FDA to settle Citizen's Petitions against Wyeth

By Susan Gotensparre

- Last updated on GMT

Related tags: Wyeth, Generic drug

US Food and Drug Administration (FDA) has until April 2007 to reply
to a Citizen's Petition (CP) filed by Orchid Chemicals in response
to accusations of 'evergreening' related to Wyeth's re-formulated
Zosyn (piperacillin/tazobactam), an injectable antibacterial drug.

The expiration of drug patents means generic companies are free to manufacture the same compound. But, the patent holder can circumvent this by introducing a modification to the drug. Such an action is called 'evergreening' and allows companies to take advantage of loopholes in the patent and regulatory system to legally extend the monopoly of a product way past its expiry.

The FDA is to respond to Orchid's CP within two months but no one from the company was available to make any comments on the progress. Orchid Chemicals and Sandoz filed Citizen's Petitions (CP) to the FDA in October 2006 and November 2005, respectively, while Abraxis Pharma did not file its own petition but tagged along with Sandoz's, according to Wyeth.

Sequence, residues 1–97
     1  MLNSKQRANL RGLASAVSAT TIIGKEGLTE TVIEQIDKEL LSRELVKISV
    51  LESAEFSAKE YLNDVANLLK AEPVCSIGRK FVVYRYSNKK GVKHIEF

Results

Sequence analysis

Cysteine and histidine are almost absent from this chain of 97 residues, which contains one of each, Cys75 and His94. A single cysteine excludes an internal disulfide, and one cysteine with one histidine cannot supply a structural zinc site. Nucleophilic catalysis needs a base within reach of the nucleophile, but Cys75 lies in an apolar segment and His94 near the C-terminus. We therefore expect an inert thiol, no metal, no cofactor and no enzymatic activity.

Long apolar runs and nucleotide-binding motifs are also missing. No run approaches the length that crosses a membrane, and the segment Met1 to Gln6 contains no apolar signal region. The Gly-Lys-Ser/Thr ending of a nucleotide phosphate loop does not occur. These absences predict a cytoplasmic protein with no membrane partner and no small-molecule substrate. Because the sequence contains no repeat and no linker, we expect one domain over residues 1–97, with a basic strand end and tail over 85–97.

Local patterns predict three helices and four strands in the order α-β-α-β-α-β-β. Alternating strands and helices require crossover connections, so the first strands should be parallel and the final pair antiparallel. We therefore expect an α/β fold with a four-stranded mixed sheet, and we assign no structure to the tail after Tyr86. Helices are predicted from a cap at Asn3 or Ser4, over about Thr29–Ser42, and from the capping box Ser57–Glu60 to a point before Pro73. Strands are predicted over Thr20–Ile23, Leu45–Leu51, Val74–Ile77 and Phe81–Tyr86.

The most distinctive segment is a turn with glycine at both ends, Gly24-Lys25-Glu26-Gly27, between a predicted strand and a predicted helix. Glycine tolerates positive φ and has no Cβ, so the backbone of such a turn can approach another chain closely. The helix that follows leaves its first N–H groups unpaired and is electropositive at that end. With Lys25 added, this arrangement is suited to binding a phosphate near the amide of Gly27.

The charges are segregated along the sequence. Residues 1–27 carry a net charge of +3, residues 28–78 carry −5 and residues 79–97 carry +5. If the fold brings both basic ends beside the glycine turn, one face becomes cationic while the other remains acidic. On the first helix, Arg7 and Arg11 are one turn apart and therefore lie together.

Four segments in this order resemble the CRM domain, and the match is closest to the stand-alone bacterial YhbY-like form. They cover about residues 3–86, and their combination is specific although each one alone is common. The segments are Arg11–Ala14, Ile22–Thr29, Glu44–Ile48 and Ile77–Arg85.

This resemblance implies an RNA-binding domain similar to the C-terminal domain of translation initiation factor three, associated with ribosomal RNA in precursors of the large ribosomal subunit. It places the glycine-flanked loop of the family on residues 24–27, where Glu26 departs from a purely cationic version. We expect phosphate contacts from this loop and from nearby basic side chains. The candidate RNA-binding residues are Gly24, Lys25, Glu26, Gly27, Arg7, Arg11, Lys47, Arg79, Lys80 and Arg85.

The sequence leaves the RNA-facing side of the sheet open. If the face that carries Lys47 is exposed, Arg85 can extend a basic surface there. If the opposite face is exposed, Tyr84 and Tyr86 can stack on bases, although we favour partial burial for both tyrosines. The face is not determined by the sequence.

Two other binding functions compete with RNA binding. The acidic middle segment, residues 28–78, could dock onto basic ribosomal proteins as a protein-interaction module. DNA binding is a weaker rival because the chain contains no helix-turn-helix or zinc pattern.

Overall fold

Wyeth explains that a new patent, a re-formulated version of Zosyn, was filed in October 2005 and claims that the re-formulation was done to comply with the most recent US Pharmacopeia particulate standards. Thus, Wyeth has extended its Zosyn patent until 2023.

Zosyn, an intravenous antibiotic for serious infections, recorded sales of more than $760 million and grew by 19 percent, making it the fastest growing injectable antibiotic worldwide, according to Wyeth.

"These petitions request FDA to determine that the original Zosyn formulation was not discontinued for safety and efficacy reasons, and ask FDA to accept ANDAs based on the previous formulation,"​ Natalie de Vane, a spokesperson for Wyeth, told US-PharmaTechnologist.com.

It is possible for anyone, also pharmaceutical companies, to request or petition FDA to alter or generate an agency policy or regulation. In return, the FDA is required to respond within 180 days, where the request is either given as approved, denied or undecided.

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